Philip Johnson would become known as: “The man in the Glass House.”
Johnson was born in Cleveland, Ohio and came from quite an accomplished and pioneering family. He studied Greek, philosophy, philology and history at Harvard. He became interested in Gothic architecture during European trips and in 1928 he met the architect who would have the biggest impact on his life, Ludwig Mies van der Rohe.
He became the curator for architecture at the Museum of Modern Art (MoMA) where he arranged for Gropius and le Corbusier to visit and even arranged the first American commission for Mies van der Rohe. In 1932 he put on the first exhibition for modern architecture at the MoMA which, coupled with the International Style book written with Alfred H. Barr, effectively introduced the American public to modern architecture.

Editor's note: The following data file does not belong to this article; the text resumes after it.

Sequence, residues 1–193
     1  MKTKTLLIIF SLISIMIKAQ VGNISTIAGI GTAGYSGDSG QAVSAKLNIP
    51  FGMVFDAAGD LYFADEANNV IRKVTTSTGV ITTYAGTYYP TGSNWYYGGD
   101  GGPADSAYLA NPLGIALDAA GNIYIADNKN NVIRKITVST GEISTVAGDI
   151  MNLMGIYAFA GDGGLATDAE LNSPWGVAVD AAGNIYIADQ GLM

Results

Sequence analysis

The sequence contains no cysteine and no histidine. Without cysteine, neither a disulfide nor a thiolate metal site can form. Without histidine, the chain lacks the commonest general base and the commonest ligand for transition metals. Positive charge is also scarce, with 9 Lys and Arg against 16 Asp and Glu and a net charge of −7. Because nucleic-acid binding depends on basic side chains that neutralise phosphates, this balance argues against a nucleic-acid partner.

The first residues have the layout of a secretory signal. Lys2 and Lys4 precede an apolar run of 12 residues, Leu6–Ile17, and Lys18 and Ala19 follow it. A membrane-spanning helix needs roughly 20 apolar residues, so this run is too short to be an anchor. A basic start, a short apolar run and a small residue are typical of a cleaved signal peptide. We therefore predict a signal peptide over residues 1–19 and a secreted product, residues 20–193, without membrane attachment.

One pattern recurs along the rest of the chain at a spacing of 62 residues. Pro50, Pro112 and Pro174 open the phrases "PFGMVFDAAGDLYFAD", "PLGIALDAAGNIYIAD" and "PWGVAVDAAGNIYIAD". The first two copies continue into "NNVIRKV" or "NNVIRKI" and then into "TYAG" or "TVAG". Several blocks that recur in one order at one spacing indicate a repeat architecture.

Johnson’s defining design came in 1949 with the design of the Glass House. He used industrial materials, glass and steel, to build a 56×32 ft glass rectangle. The space is entirely open except for low cabinets and a single floor to ceiling brick structure for the bathroom. David Whitney, Johnson’s partner, helped with the landscaping (clean and crisp) and the art collection. Johnson stayed in this house for nearly 60 years and loved the feeling that the house evoked, namely, the feeling of terror in severe storms. The Glass House was stated as one of the greatest residential structures of the 20th century by the New York Times.
The house was very obviously influenced by Mies van der Rohe and Johnson said of this: ”I got everything from someone. Nobody can be original. As Mies van der Rohe said, ‘I don’t want to be original. I want to be good.'”
For his work in modern and postmodern architecture, Johnson received the first Pritzker Architecture Prize and also a Gold Medal from the American Institute of Architects.
David Bowie even mentions Johnson in his song “Thru These Architect’s Eyes”.